OCT
05

Kitchen Tip: Stuffed Pasta – The Easy Way!

Kitchen Tips & Tricks | 40 comments

Do you have trouble with stuffed shells or filling manicotti? This post is for you!

Pin It

Some of you might already use this method for stuffing pasta, but I thought I’d share it anyway. It makes my life so much easier. I really enjoy recipes like Sundried Tomato and Cheese Stuffed Shells and Manicotti Primavera, but what a pain to make and fill, right? WRONG! Not when you use this tip for stuffing pasta!

how to make stuffed shells

In the picture I’m not holding the shell with one hand and the bag with the other because I had to press the button on the camera, but you get the idea. This makes cooking stuffed shells seem like a lot less work, doesn’t it? Or, dare I say – Easy!?

Print This Print This

Pin It

How to Stuff Pasta – The Easy Way

more GoodLife Eats Kitchen Tips

You’ll Need:

  • Pasta
  • Disposable pastry bag or quart size ziplock
  • Tall cup
  • Scissors
  • Filling

Instructions

  1. Fill a disposable pastry bag or ziplock bag (quart size works great) with the filling you’ve made for your pasta. The easiest way to do this is to place the bag in a tall cup, then fold the edges over the outside of the cup.
  2. Spoon the filling into the cup – don’t fill it up too high because you’ll need to hold on to the end of the bag. Remove the bag from the cup and twist or fold over the end so the filling doesn’t escape.
  3. Snip the corner to make a small hole. You’ll want to make sure it’s big enough for the filling to come out but not so big that it oozes everywhere. Try cutting off about 1/2 inch from the tip of the bag’s corner.
  4. Hold your shell in one hand and the bag in the other. Hold the bag almost exactly how you’d hold a pastry bag if you were frosting something. Squeeze with gentle pressure because you don’t want to pop the bag.
  5. Squeeze the filling into the shell. Set aside and repeat with the rest.

Katie

About the Author:

Katie’s lifelong interest in cooking good food has shown her that part of the goodness in life is enjoying delicious food with friends and family. She is: Mom. Writer. Photographer. Recipe Developer. Website Founder. Lover of all things good in life. A mix of great recipes, family memories, and yummy photography is what Katie serves up each week at GoodLife Eats™. Katie and her family reside in Colorado.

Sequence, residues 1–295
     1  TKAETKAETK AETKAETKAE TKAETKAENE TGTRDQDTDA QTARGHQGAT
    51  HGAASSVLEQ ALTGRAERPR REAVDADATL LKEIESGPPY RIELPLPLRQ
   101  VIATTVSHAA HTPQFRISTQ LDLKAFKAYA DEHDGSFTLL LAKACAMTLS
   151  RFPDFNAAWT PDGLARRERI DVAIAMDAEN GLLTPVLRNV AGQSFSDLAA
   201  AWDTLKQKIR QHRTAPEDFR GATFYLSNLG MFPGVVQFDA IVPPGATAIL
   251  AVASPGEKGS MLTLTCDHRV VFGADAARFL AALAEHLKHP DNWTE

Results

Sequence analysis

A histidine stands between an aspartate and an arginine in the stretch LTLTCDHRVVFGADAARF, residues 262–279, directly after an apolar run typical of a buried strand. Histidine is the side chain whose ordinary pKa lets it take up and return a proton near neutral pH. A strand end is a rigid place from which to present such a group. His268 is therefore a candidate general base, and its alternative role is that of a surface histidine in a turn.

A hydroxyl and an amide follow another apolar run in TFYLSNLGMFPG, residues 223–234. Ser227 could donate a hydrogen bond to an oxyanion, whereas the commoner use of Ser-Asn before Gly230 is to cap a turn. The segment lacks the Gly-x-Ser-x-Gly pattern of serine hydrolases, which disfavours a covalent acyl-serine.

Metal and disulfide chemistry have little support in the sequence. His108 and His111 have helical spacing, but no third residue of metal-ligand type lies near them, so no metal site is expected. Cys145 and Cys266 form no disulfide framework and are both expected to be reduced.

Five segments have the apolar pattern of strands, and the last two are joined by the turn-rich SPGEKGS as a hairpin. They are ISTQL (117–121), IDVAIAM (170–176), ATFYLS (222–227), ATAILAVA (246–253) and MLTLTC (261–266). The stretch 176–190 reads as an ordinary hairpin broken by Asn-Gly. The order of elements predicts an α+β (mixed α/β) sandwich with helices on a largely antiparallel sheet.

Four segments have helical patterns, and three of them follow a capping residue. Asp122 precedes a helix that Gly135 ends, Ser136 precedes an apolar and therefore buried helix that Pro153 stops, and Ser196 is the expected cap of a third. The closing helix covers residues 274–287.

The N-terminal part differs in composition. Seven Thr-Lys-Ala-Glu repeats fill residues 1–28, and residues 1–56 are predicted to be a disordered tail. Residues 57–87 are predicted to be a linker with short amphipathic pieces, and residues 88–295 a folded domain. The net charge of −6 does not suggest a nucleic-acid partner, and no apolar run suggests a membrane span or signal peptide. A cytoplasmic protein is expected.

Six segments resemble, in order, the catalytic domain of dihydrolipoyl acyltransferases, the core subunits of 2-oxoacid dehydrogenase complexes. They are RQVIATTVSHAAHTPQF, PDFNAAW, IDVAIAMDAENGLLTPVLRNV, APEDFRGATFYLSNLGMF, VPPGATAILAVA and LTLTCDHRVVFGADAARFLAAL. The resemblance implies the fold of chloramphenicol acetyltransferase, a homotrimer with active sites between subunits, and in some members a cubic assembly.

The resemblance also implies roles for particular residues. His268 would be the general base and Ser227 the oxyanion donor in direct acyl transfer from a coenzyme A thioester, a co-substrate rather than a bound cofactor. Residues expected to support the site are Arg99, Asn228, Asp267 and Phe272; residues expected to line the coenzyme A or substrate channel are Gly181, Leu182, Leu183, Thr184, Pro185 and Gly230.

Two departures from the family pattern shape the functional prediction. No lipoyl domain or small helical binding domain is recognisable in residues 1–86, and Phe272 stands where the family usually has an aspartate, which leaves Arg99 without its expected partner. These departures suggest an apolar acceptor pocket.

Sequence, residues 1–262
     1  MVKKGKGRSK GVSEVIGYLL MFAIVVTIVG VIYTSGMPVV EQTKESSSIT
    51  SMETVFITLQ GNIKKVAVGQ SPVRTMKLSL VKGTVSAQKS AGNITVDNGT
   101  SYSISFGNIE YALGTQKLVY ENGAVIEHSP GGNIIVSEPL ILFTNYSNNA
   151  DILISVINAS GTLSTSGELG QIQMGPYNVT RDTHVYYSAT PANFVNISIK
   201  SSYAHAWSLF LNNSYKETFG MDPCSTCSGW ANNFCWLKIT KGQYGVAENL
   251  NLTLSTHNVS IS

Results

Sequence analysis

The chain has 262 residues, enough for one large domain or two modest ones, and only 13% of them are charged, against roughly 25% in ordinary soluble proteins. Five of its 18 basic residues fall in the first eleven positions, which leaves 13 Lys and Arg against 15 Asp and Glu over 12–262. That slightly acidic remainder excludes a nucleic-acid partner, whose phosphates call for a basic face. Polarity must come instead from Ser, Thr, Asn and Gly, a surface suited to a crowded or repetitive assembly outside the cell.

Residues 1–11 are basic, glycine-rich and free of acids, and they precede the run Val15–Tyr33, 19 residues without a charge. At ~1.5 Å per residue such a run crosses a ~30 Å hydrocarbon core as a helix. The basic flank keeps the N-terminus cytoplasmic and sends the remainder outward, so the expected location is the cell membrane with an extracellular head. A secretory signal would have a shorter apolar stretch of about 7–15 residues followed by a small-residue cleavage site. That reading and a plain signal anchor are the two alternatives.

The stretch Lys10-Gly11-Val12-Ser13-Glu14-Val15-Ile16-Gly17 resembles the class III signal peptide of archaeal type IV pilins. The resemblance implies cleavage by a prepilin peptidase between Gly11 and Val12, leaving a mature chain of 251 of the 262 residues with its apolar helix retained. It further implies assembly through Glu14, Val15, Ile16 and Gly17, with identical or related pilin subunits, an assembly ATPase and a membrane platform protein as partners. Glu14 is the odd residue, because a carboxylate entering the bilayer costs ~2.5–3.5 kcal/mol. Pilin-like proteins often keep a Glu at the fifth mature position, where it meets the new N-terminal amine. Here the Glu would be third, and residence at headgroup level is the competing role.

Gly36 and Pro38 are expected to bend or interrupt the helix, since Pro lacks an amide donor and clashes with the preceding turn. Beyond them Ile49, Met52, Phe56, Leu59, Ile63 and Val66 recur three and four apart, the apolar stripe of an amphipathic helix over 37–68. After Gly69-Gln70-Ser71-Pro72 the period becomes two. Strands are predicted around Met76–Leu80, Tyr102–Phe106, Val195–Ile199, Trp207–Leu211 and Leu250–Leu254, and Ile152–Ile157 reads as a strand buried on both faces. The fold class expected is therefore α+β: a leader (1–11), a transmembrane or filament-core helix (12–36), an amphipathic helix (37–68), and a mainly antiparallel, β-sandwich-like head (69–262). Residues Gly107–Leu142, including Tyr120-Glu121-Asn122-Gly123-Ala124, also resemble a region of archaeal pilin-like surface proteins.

Email  Facebook  Twitter  Pinterest

40
RESPONSES - LEAVE A COMMENT BELOW
  • 1
    Sarah K. @ The Pajama Chef - October 05, 2010 @ 8:44 am

    what a great idea! i always struggle w/ this and so i restrain myself from making all these tasty shells/manacotti recipes. or i make my husband fill them because he has more patience than i do. thanks for the tip!

    [Reply]

  • 2
    the blissful baker - October 05, 2010 @ 8:48 am

    this is such a neat idea! it makes stuffing pasta look so clean and easy. i can’t believe i never thought of this before. thanks!

    [Reply]

  • 3
    Deborah - October 05, 2010 @ 12:36 pm

    I totally do this – a major time saver and mess saver!!

    [Reply]

  • 4
    Amanda - October 05, 2010 @ 12:53 pm

    Thanks for this! I love stuffed shells, but I always dread the stuffing part! :)

    [Reply]

  • 5
    claire - October 05, 2010 @ 12:56 pm

    I love this- Have you ever used the ziplock trick for icing cupcakes?

    [Reply]

    • Katie

      Katie replied: — October 5th, 2010 @ 1:04 PM

      Yes, I’ve done that too. I do like a pastry bag better, but when I’ve been out of them I’ve used a ziplock instead.

  • 6
    meaghan - October 05, 2010 @ 12:58 pm

    brilliant! I’ll post a link on my edible crafts column to your idea (ediblecrafts.craftgossip.com)… if that’s OK!

    [Reply]

  • 7
    Carrie - October 05, 2010 @ 1:50 pm

    How do you fill pasta tubes with this method, such as manicotti? I have always had trouble evenly dispersing the filling through the entire length of the tube without breaking the pasta.

    [Reply]

    • Katie

      Katie replied: — October 5th, 2010 @ 6:22 PM

      This might not be very helpful, but I’ve never done anything special. I just squeeze it in through one end till it gets to the other side.

    • Margie replied: — January 22nd, 2012 @ 7:06 AM

      To fill the manicotti, you can also use the Ziploc bag but fill the tube half way from one end and then turn and fill from the other end:)

  • 8
    Lori @ RecipeGirl - October 05, 2010 @ 6:07 pm

    That’s how I do it! Even easier if you use an actual pastry bag that is cone shaped.

    [Reply]

    • Katie

      Katie replied: — October 5th, 2010 @ 6:18 PM

      I prefer the pastry bag too. :)

  • 9
    make my day - October 05, 2010 @ 6:56 pm

    Oh my… the light bulb just went on for me! i felt incredibly frustrated when i made canneloni not long ago… I said i’ll never do it again because it took FOREVER to fill them! THE answer is right here. How did i not know this. thanks so much for an enlightening moment! cheers kari